One of the Clinton administration's top policy-makers on Mexico told a group of Baltimore exporters, trade experts, bankers and business people yesterday that Maryland has greatly benefited from the opening of trade between the United States and Mexico over the past few years, "and will benefit far more" if Congress approves the North American Free Trade Agreement with Canada and Mexico.
But at the moment the agreement is in deep trouble, said Robert C. Felder, head of the State Department's Office of Mexican Affairs.
"We are very close to blowing it," he said, alluding to the apparent majority of anti-NAFTA votes in the House, which will take up the agreement Wednesday. "We are close to losing the whole thing."
Mr. Felder said that exports to Mexico from Maryland "grew 248 percent from 1987 to 1992." They supported 1,000 Maryland jobs in 1992, half of which were created in the last five years, he said.
Using the McCormick spice company as an example, Mr. Felder said that about 6 percent of the firm's total exports went to Mexico last year. He spoke of "a dramatic growth in exports [of spices] to Mexico," attributable to the expansion of a middle class in Mexico with significant purchasing power.
Mr. Felder's talk was sponsored by the Baltimore Council on Foreign Affairs at the World Trade Center. It followed by one day the televised verbal donnybrook over NAFTA between Vice President Al Gore and Ross Perot.
And, since the initiative for Mr. Felder's visit originated with the State Department, it indicated the administration's strong desire to get out its positive message on the agreement whenever possible.
The Maryland delegation in the House is evenly split on the agreement, by party and in number. For it are: Wayne T. Gilchrest (R), Constance A. Morella (R), Steny H. Hoyer (D), and Benjamin L. Cardin (D).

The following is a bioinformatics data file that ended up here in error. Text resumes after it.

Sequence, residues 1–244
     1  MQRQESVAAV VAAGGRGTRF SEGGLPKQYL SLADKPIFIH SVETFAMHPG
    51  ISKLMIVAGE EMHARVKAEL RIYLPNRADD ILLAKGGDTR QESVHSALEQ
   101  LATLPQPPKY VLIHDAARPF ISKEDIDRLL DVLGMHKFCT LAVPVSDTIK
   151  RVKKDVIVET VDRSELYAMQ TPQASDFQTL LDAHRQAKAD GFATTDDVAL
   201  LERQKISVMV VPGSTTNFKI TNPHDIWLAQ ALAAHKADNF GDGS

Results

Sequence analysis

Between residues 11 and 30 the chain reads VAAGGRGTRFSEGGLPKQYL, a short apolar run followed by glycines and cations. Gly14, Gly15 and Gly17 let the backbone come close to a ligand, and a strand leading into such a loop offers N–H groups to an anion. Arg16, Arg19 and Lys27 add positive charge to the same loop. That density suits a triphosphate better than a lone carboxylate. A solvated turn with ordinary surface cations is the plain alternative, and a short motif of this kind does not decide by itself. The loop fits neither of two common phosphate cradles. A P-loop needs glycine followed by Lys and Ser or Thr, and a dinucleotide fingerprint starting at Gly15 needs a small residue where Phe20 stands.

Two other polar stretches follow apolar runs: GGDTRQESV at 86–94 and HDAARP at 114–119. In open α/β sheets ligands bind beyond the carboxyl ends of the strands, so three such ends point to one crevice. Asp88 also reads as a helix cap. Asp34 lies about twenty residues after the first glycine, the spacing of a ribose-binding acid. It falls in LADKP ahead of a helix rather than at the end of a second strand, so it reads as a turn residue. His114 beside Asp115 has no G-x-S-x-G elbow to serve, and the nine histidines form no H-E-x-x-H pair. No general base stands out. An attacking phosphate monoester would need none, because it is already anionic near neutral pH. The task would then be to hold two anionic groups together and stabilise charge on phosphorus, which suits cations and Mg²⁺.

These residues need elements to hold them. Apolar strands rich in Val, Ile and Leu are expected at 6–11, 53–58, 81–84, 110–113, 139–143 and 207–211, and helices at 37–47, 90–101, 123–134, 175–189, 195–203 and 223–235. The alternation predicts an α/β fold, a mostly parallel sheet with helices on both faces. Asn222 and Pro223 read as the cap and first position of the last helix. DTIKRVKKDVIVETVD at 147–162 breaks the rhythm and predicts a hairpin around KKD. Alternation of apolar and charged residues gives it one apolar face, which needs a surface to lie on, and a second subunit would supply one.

Against it are: Roscoe G. Bartlett (R), Helen Delich Bentley (R), Albert R. Wynn (D) and Kweisi Mfume (D).
The Clinton administration, Mr. Felder said in so many words, had to catch up.
He lamented that the negative interpretations of NAFTA advanced by Mr. Perot and other opponents of the trade agreement had the advantage of simplicity. He said the NAFTA opponents had stolen a march on its proponents.
"We have not been as effective as we need to be to get the word out," said Mr. Felder. "The people who are the most vocal are at the blue-collar level. The negative message is simpler."
The administration, he said, had not really been able to begin its own campaign for NAFTA in earnest until August when two side agreements on labor and the environment were negotiated in response to qualms by President Clinton.
But by then the AFL-CIO, Mr. Perot's United We Stand, America organization, and the Sierra Club had already mobilized in opposition, he said.
With regard to the Sierra Club, Mr. Felder said: "Most environmental groups support NAFTA, about 80 percent. The Sierra Club jumped out in front, giving the impression of widespread opposition from the environmental movement."
Mr. Felder generally stressed the positive aspects of NAFTA for the United States -- a three-nation trade accord which would lower and ultimately remove all tariffs on goods manufactured in the United States, Mexico and Canada. The agreement, he said, "will create the biggest market in the world -- a combined economy of $6.5 trillion and 370 million people."
He rebutted arguments by Mr. Perot and other opponents that NAFTA would cause a drain of American jobs into Mexico:
"With NAFTA, we anticipate 200,000 more export-related jobs by 1995. Wages of U.S. workers in jobs related to exports to Mexico are 12 percent higher than the national average."
Such jobs, he said, have already increased "by almost half a million" from 1986 to 1992, owing to Mexico's progressive reduction of tariffs.